by Kim Todd
not long after meeting the family, Jaydip Khambhu said "let me make you tea."
That was December 2019. Jaydip was completing his Masters Degree in Energy Systems at Memorial's Faculty of Engineering and took a chance on accepting our invite to Christmas dinner.
2020 being what it was, it wasn't until months later that Jaydip introduced us to his chai. And by that time he was part of the family.
Chai is black tea with milk, sugar and spices.
Taking no chances on the household cupboard, Jaydip brought most of his own ingredients (no round teabag).
Step one was releasing the leaves from the bag. But before that you had to start looking forward to it. Enjoying the tea is paramount.
Next step is to get the ingredients ready. Ginger, milk and sugar complement the leaves. Jaydip says all experienced chai-makers have their own ingredients, but his way is the best. He measures. And it's not just the engineer in him. There are questions: how many people are having tea? How big are the cups? All of this matters.
Get the stove on the go. Chai tea is not a kettle job. You need large saucepan, controllable heat, time, and patience.
The foundation. Add a little water to the tea and sugar. Once the bubbling starts the aroma draws you in. At this point its just tea leaves, water and sugar but you've been got. The sound is compelling too.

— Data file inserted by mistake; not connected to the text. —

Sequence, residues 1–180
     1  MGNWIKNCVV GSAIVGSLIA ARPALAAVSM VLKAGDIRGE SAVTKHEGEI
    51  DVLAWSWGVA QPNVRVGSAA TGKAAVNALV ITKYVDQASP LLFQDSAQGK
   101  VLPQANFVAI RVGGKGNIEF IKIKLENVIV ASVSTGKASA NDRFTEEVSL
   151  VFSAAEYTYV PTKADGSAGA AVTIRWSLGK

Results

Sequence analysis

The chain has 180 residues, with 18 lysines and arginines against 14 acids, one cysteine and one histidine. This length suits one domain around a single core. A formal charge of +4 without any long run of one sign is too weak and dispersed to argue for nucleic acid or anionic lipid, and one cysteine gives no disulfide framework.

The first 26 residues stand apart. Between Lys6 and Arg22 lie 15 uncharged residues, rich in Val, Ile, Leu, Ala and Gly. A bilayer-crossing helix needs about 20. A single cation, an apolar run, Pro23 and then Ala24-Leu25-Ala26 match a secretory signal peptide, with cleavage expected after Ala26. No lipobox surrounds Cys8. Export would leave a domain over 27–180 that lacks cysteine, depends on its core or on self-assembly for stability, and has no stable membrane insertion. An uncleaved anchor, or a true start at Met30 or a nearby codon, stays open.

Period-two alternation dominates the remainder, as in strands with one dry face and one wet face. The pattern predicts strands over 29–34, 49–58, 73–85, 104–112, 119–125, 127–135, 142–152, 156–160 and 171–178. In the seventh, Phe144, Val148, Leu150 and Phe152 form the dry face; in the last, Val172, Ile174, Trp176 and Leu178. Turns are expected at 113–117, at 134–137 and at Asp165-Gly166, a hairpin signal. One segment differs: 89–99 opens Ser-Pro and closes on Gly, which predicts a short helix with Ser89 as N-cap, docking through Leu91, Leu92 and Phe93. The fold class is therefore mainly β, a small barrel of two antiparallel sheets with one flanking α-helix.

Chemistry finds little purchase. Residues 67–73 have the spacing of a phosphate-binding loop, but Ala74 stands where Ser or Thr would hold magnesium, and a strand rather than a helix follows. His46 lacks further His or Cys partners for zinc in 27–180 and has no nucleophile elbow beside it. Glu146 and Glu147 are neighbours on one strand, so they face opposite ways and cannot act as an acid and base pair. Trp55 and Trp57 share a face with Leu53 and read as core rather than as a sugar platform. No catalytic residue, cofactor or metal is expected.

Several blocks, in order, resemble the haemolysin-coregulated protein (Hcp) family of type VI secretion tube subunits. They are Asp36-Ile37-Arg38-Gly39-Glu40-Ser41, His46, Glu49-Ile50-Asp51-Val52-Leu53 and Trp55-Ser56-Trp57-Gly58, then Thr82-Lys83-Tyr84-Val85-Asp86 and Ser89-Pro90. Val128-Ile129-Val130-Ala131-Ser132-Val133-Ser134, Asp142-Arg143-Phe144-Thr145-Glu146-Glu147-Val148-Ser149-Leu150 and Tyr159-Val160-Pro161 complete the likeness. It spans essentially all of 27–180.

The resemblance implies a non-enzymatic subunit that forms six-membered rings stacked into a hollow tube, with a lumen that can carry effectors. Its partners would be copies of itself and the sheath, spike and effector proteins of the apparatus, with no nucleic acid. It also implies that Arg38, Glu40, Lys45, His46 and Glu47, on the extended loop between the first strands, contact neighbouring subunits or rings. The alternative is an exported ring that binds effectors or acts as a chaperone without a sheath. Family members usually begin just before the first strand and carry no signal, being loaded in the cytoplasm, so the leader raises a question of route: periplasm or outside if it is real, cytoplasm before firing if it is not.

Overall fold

Add milk. When the temperature is right, pour in the milk. The milk has got to be cold, and it has to be poured in a steady stream.
Stir. Pour. Stir. As a drop-the-teabag-into-the-teapot-and-pour-in-boiling-water type of tea-maker, this part of chai-making was the most unfamiliar. It took ages. And the stirring was constant motion with a ladel of stir, pick up and pour, stir, pick up and pour. After the first few stressful minutes, it became a soothing process. This step is vital to the perfect chai as it lets the air in, and builds the silky, frothy texture.
Grate fresh ginger fast. When the mixture is hot, silky, and crema-like edges show up the inside of the saucepan, grate the ginger right into the pot. It has to be done quickly as you don't want to lose the consistency.
It's getting close! But those tea leaves that were let loose at the start have done their work. So has the grated ginger and there's no place for them in the cup.
The preference is to pour the perfect chai through a strainer into the cup, so as not to lose the temperature. Another set of hands is needed for the task.
It's perfect! Even colour, good consistency, great aroma and temperature. The cup the chai goes into is another level of joy. This one is pottery thrown by Christina Dove.
Tea with Jaydip was a joy! The chai was appreciated by all. Comfort in a cup, best enjoyed in good company with time to savour the taste and the experience.
kim is the CCO for the Guide to the Good social enterprise. one of the coolest things about Newfoundland culture is how it changes and evolves. Chai tea is a welcome addition.
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